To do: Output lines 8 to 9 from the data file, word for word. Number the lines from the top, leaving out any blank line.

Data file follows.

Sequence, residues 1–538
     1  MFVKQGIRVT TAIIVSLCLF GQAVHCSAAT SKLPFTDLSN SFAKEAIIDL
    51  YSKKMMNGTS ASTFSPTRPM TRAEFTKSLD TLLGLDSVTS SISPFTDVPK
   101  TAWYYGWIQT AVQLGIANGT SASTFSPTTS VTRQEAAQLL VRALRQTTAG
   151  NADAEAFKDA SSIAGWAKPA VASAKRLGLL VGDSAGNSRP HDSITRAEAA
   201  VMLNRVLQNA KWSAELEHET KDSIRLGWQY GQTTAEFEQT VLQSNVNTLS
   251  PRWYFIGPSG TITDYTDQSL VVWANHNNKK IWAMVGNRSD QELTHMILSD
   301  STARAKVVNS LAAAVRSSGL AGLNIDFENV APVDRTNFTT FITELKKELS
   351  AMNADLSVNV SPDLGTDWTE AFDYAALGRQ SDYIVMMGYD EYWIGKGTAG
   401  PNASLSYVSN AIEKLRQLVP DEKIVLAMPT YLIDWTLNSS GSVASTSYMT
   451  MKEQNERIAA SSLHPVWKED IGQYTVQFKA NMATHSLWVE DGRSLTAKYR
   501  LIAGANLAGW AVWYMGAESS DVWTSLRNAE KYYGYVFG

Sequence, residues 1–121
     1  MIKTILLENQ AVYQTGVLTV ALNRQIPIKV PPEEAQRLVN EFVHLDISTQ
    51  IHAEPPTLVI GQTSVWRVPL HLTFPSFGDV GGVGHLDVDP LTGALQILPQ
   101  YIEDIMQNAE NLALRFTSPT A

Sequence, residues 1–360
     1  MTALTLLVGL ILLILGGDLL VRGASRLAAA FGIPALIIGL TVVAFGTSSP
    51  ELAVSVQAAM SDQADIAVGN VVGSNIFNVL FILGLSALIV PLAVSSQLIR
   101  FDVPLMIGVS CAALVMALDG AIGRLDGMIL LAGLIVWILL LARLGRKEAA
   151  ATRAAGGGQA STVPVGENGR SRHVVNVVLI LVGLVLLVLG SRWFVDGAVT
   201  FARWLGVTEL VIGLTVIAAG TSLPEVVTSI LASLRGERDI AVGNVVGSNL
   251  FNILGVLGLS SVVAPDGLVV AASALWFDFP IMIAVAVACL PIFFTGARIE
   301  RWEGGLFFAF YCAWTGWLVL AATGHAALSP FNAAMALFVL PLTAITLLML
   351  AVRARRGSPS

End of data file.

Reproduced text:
   301  STARAKVVNS LAAAVRSSGL AGLNIDFENV APVDRTNFTT FITELKKELS
   351  AMNADLSVNV SPDLGTDWTE AFDYAALGRQ SDYIVMMGYD EYWIGKGTAG